Grant “Moth” Espe has quietly made a name for himself as one of, if not the best western Support players. He is not known for his outspokenness or flashy plays, but he is the kind of player to be in the fray doing everything that needs to be done for his team to win. Here is a look into Moth and his role within the San Francisco Shock.
Name: Grant “Moth” Espe
Country: United States
Jersey Number: 64
A Defining Month
Before signing with the Shock, Moth played on a number of various competitive teams. The first being ‘doot doot’ before continuing to Rocket Esports and Virtue. He finally settled into Toronto Esports in September of 2017. With several first place finishes in weekly and minor tournaments, he received a call from the Shock organization announcing their offer to him.
San Fran signed both him and Min-ho “Architect” Park on the same day, March 13 2018. This marks a turnaround month for the organization as they became two strong pieces for the team. Then later that month, Jay “Sinatraa” Won and Matthew “Super” DeLisi came of-age and were eligible to compete on-stage. Moth, Sinatraa, and Super were essentially permanent starters through 2019, and Architect played a large part in the team’s deep DPS pool that kept opponents guessing.
Heading into the 2019 season, the Shock released Daniel “dhaK” Martinez Paz, leaving Moth as their only main support player. But this pressure was not a challenge for him, as his brilliant understanding of macro-plays and the meta allowed the team to flourish.
Consistency is Key
When thinking of the most consistent players in the league, Moth has to be in that conversation. Occasionally he will have a noticeable ‘pop off’ like the 4k boop against Atlanta in the playoffs. But more often, he is making more covert, behind-the-scenes plays. Whether it be perfectly-timed Sound Barriers, or masterful boops to displace the opponents just enough to win the fight, Moth feels like he is everywhere at once.
This consistency is even more impressive when considering that he played more maps than any other player throughout the 2019 season. As the only main support, he participated in 187 of the 188 maps the team played. The only time he was ever subbed out was to let Dong-jun “Rascal” Kim play Baptiste when the match was already won. Being able to consistently perform through that much playtime is the mark of a true master.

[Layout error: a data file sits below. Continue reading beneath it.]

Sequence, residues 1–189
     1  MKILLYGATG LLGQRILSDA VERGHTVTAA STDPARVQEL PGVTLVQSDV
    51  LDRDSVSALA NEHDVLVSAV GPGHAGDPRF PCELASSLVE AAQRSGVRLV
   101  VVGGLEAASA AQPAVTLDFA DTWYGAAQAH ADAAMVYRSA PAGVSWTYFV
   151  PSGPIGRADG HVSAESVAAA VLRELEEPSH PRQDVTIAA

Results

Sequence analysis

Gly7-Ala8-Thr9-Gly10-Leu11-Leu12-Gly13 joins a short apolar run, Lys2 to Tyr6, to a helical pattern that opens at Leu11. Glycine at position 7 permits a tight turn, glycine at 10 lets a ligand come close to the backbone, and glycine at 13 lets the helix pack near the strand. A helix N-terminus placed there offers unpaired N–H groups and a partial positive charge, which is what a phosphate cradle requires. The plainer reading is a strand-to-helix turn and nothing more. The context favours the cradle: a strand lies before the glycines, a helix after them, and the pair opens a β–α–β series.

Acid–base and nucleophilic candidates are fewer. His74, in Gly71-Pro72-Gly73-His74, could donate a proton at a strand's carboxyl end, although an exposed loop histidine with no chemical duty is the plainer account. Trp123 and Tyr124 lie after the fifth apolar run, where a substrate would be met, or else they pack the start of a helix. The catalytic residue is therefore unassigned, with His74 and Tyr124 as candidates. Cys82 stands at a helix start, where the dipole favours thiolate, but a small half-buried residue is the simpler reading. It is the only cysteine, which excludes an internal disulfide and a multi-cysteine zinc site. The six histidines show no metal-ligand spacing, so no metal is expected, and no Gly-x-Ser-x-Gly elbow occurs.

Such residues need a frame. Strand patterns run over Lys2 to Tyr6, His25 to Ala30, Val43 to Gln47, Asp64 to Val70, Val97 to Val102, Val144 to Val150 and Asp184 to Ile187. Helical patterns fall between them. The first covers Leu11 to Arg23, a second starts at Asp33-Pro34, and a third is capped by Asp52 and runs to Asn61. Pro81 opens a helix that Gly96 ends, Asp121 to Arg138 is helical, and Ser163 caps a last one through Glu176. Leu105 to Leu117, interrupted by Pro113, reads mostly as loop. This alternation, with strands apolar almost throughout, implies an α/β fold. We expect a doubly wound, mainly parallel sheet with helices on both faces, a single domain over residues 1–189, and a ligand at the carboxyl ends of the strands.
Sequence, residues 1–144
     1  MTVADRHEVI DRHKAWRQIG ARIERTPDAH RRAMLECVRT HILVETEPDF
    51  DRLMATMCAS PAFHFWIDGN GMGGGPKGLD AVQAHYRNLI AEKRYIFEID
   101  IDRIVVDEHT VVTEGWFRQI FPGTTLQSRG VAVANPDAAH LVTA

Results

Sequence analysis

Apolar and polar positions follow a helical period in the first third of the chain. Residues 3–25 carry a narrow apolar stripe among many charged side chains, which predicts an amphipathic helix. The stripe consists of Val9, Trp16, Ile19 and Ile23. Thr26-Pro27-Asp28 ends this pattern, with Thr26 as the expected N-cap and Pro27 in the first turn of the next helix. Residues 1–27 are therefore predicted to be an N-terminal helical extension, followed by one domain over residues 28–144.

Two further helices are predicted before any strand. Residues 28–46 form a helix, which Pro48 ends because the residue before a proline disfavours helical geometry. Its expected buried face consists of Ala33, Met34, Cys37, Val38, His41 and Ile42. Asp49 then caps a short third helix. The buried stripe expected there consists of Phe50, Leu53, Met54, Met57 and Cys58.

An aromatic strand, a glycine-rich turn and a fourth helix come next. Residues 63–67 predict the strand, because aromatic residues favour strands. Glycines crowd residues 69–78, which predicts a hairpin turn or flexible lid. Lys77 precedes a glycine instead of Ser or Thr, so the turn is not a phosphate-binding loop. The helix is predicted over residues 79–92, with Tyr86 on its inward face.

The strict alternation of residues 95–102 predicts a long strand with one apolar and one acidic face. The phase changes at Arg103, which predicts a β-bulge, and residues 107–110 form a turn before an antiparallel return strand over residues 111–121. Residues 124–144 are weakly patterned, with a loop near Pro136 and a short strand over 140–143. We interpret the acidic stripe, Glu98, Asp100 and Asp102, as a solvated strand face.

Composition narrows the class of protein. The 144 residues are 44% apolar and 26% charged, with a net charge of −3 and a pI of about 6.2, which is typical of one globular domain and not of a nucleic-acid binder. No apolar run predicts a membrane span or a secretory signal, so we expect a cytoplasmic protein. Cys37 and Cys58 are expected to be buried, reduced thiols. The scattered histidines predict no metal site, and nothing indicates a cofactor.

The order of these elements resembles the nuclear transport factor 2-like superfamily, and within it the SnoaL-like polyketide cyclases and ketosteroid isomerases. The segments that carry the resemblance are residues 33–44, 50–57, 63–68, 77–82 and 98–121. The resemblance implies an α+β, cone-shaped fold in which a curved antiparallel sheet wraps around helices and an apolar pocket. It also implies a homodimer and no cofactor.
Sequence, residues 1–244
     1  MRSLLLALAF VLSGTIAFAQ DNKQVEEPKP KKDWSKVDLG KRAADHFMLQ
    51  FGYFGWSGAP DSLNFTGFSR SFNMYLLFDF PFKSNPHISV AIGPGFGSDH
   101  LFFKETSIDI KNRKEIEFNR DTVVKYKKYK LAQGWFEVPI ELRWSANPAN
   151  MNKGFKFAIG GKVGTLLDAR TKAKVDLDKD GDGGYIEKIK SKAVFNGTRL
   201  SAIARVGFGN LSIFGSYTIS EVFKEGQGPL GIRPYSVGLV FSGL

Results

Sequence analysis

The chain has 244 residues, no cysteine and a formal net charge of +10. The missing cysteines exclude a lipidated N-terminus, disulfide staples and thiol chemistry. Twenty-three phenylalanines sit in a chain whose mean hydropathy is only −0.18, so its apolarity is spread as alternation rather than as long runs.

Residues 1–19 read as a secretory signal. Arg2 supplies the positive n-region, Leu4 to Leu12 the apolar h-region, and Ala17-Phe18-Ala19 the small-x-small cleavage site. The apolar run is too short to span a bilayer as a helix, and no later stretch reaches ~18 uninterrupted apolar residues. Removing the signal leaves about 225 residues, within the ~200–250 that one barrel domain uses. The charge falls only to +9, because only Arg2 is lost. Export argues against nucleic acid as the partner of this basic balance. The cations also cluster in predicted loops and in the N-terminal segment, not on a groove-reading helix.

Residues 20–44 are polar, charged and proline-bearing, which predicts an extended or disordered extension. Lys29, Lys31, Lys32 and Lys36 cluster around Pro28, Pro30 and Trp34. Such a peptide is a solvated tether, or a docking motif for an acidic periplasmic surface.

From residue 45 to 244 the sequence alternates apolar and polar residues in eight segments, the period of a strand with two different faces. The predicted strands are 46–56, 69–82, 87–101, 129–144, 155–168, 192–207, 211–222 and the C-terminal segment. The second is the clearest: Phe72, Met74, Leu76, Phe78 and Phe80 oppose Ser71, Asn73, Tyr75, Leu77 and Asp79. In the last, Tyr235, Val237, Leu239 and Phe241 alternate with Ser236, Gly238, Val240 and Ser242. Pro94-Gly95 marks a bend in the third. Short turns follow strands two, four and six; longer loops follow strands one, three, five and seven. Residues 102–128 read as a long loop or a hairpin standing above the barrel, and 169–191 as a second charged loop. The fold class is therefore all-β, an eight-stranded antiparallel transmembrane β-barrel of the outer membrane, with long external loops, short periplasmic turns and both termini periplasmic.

With many concerns going into 2020 regarding player burnout and travel, San Francisco should feel comfortable with Moth in their back pocket. He has proven he can handle the workload and loves the game. In a September interview, he said:
“Like, before Overwatch League, I was never subbed out. [I] was always [the] only main support on every team I was on. I was always starting, every scrim, every map, every tournament. It wasn’t really something I had to adapt to. And I really enjoy the game, so it’s not like I feel like I’m going to burn out anytime soon. I’m just used to it.”
And with travel concerns, he already expressed excitement about it. Growing up, his family moved around a lot from Minnesota to England and Switzerland. While this may be a non-factor, it could potentially give them an edge if other teams are experiencing burnout.
There are only three things certain in this world: death, taxes and Moth leading his team to victory, map after map.
Featured image courtesy of Blizzard Entertainment.
You can also follow Matthew @setanta_ow or message him on Discord (setanta#2155).